Growing lines at airports. Transportation Security Administration agents not showing up to work. The closing of a terminal in at least one major airport — Miami International. Air traffic controllers passing out leaflets to airline passengers.

The partial federal government shutdown already has lasted four weeks, and President Donald Trump’s proposed deal Saturday to end the impasse was drawing swift criticism from Democrats.

If the shutdown continues, could a growing crisis at the nation’s airports become the impetus for ending the federal furloughs?

“It’s a fair question whether this might be the kind of thing that might apply pressure to end the shutdown," said Seth Kaplan, editor of the commercial aviation publication Airline Weekly. But, “it hasn’t worked yet.”

“I think it’s early to say whether that will actually transpire that way," he said. "But it’s reasonable to think that it could.”

A relatively small percentage of airline passengers have experienced delays at airports related to the shutdown, the longest in U.S. history. It hasn’t affected all airports, and this is a quiet time for the airline industry, Kaplan said. But if the shutdown continues past mid-February, when demand picks up for spring-break trips and travel for Passover and Easter, the shutdown could become a bigger problem, he said.

The airline industry differs from many others because of how “visual” it is, and because when something goes wrong at an airport, people experience it communally, he said.

The partial government shutdown began Dec. 22 after Democrats refused to agree to give more than $5 billion for the wall Trump wants to build along the U.S.-Mexico border.

It continues to affect varied aspects of people’s lives — those who provide government services and those who depend on them.

Some federal workers and contractors who are not getting paid and may be living paycheck to paycheck are struggling. Food agencies are setting up an “emergency market” in Philadelphia for federal employees. Nearly two million Pennsylvanians received food assistance benefits Wednesday for February — weeks early, and people who don’t budget accordingly could run out of food. The U.S. Department of Agriculture has not said what will happen to the benefits in March.

Federal courts are running out of money. Immigration court cases are piling up. National parks, including Independence National Historical Park, are closed. Furloughs could cut into income tax revenue. Economic growth slows with every week the shutdown continues, the White House has said.

Will those impacts, individually or collectively, affect the duration of the shutdown?

“The kinds of pressure points we might normally be thinking about might not apply,” said Katharine Young, an associate professor at Boston College Law School who studies comparative constitutional law and has written about government shutdowns. “The playbook that Trump is using is one that is really thriving in the shutdown and the destabilization that it’s producing. We have to deal with the worry that this is potentially almost endless.”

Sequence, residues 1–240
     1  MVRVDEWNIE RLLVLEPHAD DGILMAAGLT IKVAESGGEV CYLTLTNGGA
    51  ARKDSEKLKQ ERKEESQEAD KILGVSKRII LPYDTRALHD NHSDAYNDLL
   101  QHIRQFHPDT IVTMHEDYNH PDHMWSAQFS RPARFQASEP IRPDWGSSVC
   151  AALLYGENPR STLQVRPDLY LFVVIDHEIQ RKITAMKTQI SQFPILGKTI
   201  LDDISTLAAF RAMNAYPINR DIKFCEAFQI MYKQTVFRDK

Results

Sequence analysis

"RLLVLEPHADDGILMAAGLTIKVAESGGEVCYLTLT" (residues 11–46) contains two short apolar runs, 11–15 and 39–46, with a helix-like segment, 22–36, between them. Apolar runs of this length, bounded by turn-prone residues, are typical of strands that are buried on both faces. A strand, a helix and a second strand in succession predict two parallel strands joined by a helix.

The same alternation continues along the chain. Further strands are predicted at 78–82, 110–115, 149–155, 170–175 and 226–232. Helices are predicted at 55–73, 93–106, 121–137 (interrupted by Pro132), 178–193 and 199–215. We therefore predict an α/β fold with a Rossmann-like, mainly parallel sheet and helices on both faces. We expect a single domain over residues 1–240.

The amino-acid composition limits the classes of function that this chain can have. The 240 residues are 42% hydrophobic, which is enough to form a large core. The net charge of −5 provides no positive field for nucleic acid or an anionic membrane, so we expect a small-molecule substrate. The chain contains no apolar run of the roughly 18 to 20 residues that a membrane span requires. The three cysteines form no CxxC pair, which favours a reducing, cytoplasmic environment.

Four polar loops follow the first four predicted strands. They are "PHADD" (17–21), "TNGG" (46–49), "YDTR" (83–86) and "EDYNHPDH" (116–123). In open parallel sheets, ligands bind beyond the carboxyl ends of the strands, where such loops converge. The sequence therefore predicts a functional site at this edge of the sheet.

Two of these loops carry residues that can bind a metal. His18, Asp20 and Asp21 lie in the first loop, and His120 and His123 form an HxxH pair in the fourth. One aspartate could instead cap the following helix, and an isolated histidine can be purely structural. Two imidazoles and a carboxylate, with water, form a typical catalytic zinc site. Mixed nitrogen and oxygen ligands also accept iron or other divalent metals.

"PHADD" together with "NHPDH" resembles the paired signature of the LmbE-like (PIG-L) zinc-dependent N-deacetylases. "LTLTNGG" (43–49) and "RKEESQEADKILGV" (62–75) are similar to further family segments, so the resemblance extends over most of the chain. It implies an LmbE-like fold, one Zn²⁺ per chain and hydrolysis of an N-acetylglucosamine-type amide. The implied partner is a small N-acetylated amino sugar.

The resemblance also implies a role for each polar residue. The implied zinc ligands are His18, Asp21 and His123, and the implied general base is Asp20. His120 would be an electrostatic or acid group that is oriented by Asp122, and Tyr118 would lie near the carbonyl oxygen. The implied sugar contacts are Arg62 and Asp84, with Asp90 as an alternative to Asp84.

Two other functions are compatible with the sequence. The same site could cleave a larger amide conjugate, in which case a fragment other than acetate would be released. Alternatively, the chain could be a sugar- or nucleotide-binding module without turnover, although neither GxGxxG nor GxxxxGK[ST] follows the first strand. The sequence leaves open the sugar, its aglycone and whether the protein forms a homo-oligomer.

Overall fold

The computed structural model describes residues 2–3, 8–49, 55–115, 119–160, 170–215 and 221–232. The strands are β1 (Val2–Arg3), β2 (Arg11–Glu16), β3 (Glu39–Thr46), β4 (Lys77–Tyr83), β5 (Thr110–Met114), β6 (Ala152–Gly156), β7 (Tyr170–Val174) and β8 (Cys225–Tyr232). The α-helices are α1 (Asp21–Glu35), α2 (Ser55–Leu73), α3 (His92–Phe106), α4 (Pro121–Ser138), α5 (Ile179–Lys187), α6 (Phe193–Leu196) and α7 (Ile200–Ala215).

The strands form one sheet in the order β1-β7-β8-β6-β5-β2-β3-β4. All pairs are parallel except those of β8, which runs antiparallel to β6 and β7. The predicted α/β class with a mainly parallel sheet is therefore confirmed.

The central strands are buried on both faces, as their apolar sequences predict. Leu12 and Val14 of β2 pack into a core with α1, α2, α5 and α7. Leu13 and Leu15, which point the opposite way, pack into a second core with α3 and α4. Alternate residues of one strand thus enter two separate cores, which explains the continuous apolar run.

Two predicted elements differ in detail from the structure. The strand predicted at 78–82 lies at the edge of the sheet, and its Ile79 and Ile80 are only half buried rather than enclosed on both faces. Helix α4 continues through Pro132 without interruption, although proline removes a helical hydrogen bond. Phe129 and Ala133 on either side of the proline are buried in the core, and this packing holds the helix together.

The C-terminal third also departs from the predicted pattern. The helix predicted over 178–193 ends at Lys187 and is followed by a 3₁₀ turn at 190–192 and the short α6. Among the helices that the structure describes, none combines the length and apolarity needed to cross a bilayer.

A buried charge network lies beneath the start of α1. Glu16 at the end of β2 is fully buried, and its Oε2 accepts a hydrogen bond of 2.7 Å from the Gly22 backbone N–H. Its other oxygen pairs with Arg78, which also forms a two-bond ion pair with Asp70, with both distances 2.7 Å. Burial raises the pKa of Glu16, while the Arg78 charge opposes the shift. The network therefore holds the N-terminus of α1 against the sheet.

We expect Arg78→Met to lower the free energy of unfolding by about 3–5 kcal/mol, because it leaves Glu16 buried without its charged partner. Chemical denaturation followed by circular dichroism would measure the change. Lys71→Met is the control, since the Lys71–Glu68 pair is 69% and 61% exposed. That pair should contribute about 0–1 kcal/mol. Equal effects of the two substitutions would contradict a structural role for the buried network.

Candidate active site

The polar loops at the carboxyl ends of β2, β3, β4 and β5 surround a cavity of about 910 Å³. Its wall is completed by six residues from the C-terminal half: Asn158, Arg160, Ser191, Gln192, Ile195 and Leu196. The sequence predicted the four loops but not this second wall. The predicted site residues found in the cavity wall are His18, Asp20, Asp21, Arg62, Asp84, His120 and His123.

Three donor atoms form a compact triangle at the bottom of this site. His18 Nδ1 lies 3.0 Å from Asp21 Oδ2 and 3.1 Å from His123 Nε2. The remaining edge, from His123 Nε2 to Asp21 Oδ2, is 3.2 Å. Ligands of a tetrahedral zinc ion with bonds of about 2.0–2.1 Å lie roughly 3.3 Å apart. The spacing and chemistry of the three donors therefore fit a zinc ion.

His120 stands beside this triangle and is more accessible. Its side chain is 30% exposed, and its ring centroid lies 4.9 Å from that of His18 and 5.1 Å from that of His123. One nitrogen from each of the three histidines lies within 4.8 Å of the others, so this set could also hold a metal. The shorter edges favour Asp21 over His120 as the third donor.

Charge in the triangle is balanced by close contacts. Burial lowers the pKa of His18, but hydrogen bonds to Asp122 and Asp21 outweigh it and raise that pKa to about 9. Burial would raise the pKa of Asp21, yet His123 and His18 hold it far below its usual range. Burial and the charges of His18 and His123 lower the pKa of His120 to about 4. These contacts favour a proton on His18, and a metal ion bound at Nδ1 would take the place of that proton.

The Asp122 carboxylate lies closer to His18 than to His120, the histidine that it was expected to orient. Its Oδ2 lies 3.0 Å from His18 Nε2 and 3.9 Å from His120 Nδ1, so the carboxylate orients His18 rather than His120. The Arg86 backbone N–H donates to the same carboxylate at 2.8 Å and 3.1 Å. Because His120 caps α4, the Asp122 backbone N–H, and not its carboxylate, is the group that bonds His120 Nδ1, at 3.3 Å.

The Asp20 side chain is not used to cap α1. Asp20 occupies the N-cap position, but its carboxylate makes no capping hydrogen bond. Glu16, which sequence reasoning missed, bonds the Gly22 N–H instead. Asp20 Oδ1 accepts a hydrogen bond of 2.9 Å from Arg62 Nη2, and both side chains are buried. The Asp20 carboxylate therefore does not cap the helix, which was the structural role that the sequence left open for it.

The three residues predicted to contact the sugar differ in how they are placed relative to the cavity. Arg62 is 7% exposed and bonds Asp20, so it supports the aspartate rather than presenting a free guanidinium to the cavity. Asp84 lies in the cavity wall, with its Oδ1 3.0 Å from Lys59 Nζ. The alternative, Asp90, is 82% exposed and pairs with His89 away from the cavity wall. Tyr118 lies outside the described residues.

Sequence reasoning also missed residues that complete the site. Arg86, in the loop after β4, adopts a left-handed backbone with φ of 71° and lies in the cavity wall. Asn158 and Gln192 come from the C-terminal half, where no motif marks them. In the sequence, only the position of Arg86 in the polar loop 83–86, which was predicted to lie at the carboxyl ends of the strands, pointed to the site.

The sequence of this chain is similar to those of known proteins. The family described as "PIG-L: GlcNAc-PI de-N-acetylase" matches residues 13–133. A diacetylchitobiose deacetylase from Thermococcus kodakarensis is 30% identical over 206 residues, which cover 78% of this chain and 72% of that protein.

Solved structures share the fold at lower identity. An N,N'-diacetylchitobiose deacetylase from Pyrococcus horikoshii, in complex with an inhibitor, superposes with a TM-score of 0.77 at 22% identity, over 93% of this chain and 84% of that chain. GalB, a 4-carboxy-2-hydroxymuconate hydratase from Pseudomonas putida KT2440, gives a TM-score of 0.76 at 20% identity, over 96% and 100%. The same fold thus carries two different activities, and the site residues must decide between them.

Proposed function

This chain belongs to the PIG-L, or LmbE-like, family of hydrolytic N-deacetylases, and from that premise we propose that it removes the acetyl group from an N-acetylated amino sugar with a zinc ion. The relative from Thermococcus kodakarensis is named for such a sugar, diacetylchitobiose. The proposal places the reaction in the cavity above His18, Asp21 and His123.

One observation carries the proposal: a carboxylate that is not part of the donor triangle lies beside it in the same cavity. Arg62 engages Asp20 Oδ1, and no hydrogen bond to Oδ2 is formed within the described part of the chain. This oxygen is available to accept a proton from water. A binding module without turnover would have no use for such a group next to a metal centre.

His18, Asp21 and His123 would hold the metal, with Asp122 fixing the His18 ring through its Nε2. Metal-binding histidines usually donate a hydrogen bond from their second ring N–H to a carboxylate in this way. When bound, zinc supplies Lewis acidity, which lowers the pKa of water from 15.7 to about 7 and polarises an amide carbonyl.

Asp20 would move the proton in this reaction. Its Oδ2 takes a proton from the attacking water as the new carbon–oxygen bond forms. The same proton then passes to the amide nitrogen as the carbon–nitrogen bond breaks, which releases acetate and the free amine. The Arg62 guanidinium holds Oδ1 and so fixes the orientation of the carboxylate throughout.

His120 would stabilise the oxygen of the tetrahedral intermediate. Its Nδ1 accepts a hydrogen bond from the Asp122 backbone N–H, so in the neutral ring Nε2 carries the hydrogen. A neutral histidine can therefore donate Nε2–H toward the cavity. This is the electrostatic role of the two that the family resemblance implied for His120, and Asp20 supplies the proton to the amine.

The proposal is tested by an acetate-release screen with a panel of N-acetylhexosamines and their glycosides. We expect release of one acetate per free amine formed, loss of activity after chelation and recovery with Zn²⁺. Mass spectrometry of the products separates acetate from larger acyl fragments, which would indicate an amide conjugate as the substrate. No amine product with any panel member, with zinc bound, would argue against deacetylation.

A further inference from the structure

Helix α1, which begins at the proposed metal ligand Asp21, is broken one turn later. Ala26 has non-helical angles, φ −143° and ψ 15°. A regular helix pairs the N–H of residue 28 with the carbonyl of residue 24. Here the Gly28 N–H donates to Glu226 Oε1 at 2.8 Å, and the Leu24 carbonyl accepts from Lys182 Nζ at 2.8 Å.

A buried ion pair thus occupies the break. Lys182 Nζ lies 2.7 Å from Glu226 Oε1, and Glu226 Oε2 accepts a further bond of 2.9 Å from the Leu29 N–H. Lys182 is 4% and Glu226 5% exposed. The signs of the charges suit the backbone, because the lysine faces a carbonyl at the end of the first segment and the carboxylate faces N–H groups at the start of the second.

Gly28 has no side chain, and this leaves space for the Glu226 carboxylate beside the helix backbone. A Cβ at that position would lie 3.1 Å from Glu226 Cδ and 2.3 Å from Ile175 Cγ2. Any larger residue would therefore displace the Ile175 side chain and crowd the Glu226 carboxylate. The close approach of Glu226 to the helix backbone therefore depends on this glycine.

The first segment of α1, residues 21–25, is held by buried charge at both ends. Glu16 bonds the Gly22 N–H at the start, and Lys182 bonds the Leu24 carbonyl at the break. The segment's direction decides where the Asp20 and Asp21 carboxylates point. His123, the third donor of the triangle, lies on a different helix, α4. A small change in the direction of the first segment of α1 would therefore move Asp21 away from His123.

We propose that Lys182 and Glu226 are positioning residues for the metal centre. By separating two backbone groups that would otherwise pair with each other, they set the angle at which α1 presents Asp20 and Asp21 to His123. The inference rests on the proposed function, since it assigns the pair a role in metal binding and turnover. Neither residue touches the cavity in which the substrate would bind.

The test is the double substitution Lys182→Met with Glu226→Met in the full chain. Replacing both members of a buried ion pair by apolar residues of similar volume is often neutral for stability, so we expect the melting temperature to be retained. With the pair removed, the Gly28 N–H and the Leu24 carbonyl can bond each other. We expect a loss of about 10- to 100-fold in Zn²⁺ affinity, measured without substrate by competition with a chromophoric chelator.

But long lines at the nation’s airports ultimately could make a difference, Kaplan said.

“You can imagine [airport delays] being the kind of thing that would perhaps have a disproportionate impact compared to other things that are really important too but just aren’t as visual as people being stuck in long lines at the airport," he said.

The TSA said Friday it expected a higher volume of travelers over the Martin Luther King Jr. holiday — more than eight million passengers, nearly 11 percent more than on the same long weekend last year. Meanwhile, the national rate of unscheduled employee absences is 6.4 percent, compared to 3.8 percent in the same period last year.

Hundreds of thousands of federal workers — including TSA agents — did not get their most recent paychecks Jan. 11.

The president has ordered thousands of federal employees to go back to work without pay to soften the effects of the shutdown.

But some of the more than 50,000 TSA employees nationwide evidently are quitting to seek other jobs.

Given the issues with TSA staffing, and the increase in holiday travel, Douglas Kidd, executive director of the National Association of Airline Passengers, said passengers should get to airports earlier and pack light.

“We are more than a little put out with all the parties involved in this," Kidd said. “If you can avoid traveling by air, maybe now is a good time to avoid traveling by air."

Ironically, one thing that has allowed the shutdown to go on is the fact that some TSA agents and other federal employees are working, said Dan Sobien, a meteorologist who is president of the National Weather Service Employees Organization. That’s the union that represents government forecasters, for whom this will not be a holiday weekend.

“If the government truly shut down,” he said, “there wouldn’t be any more government shutdowns.”